How does one quantify the value of a life? All we have are memories, moments, impressions. From the womb, a person’s full, colorful personality is aglow in all its richness and complexity. As they grow we see it mature, but if you have had children you know that the essence of a person never really changes.
As I watch my baby sleep, his jaw set in a determined frown, I wonder if in some sense he always was. I wonder if his soul preexisted his conception and was there in the heavens with God before making an entrance on this earth; a timely answer to my prayers for a son. As we watch him grow, it seems as though he always would have been, even if we hadn’t received him. Maybe this is nonsense, but seeing such a fully formed person from birth, I can’t help but wonder.
We laid the body of my grandfather Charles in the ground on a beautiful sunny day in May. To his last days, the vibrance of his spirit was alive through his jokes and determination. From a young age, he lived with grit, steadfastness and strength. He loved people, taking every opportunity to talk to friends and strangers alike. He worked with his hands, building the house my mom was raised in and building furniture and machinery. Most of all, Charles loved music. One day, someone brought him a violin that was damaged and unusable. Charles took the time to learn how to repair it, seeing the value and potential of the broken instrument and working painstakingly to make it play again.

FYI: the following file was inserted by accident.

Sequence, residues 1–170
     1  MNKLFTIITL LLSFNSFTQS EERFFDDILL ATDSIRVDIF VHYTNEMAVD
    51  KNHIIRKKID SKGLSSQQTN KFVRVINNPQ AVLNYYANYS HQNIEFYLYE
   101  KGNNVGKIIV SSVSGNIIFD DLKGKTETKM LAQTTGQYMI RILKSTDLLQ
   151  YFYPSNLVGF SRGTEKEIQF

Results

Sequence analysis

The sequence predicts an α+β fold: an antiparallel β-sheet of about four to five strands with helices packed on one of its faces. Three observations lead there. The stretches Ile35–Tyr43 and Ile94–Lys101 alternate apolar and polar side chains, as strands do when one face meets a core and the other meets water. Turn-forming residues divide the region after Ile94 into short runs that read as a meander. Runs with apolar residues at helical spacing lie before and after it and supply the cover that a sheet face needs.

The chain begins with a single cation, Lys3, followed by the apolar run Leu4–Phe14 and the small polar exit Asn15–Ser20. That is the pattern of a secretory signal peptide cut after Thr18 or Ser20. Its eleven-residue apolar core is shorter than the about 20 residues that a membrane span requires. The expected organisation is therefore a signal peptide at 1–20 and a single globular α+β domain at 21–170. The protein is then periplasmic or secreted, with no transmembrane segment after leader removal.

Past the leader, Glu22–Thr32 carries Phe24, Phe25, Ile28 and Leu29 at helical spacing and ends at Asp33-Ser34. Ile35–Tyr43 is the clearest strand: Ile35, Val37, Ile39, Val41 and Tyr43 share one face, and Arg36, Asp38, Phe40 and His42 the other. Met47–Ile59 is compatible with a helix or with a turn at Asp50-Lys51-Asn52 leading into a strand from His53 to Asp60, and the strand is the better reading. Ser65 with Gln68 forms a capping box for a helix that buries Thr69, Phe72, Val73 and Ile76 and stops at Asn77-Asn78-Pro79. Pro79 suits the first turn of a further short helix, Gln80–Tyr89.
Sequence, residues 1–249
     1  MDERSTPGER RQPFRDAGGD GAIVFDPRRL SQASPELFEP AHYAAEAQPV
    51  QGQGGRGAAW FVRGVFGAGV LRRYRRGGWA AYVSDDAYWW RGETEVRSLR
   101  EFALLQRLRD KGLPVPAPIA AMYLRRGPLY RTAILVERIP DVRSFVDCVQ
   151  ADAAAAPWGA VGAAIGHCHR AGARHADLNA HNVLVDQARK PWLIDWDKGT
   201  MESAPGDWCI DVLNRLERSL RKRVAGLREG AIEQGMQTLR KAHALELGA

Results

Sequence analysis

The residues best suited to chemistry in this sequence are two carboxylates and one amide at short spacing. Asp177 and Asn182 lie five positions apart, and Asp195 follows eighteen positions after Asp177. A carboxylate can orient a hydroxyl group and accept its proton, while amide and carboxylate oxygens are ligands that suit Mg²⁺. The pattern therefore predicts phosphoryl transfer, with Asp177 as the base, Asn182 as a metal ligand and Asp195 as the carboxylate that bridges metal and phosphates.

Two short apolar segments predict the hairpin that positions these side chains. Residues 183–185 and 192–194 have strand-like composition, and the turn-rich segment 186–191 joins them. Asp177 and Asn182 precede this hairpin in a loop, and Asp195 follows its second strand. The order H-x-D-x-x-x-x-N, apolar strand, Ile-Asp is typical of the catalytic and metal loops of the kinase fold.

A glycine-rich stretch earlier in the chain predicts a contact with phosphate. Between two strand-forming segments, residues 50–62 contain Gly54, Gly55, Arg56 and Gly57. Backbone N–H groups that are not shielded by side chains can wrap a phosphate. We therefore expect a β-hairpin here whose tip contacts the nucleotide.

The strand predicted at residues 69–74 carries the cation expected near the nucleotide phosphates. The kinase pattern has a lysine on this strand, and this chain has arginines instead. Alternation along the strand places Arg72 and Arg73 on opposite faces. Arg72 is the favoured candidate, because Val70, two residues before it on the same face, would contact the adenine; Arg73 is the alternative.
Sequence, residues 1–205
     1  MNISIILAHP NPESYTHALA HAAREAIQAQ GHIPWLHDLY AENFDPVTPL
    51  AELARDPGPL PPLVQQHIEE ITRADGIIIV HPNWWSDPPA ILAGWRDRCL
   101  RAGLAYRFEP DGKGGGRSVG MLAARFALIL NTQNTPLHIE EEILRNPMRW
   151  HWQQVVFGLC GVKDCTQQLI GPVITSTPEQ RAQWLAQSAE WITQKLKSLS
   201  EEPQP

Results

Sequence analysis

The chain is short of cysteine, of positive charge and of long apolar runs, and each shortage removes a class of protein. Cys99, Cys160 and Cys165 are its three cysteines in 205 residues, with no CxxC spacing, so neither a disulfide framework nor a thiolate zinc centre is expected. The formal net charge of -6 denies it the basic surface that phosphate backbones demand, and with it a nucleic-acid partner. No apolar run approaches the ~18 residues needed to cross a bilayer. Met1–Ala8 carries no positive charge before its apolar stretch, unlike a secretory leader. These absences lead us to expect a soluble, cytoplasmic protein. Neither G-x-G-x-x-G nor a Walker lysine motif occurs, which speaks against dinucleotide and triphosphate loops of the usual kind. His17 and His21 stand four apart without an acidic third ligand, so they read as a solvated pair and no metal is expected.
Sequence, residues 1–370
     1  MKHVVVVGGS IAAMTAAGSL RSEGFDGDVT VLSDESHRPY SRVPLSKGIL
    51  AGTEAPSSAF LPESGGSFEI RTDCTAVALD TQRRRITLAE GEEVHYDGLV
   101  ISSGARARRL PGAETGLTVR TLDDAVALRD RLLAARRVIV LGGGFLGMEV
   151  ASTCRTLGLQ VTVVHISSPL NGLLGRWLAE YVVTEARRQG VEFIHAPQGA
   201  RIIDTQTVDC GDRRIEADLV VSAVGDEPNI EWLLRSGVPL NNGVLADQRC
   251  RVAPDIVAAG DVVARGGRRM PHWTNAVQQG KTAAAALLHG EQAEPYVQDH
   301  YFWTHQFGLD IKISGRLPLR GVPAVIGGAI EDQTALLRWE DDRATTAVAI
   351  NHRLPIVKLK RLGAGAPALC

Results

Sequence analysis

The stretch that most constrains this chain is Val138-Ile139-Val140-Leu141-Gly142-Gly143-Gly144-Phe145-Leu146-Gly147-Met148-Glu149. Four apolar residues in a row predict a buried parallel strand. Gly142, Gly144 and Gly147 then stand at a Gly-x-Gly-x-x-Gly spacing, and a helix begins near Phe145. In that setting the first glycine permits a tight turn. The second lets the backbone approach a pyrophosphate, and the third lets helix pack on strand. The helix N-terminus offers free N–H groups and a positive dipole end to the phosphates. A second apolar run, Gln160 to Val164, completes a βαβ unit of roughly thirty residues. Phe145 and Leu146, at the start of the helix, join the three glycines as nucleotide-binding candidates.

After this first violin repair, Charles learned how to make instruments and soon perfected the art. He built and repaired violins for me and all my siblings, and paid for music lessons for us. We played together as a band for many years, but as we each married and started families of our own, we disbanded and went our separate ways.
For his funeral, we took our instruments out of their cases and played and sang together again. How beautiful to have this tangible representation of Charles’s legacy. I still can’t believe he’s gone, his life and breath fading away so suddenly. Still, his legacy will live forever, the ripple effect of a soul visiting earth for 85 years.
I see that same determination and self-sufficiency in my son’s face, and it makes me wonder about the early years of my grandpa’s life as he figured things out on his own. It shows me the necessity of valuing every human life, and teaches me to look into the soul and see the spark of God on the inside of every person. We’re just visiting earth for a brief time, and then we will return to the bosom of God.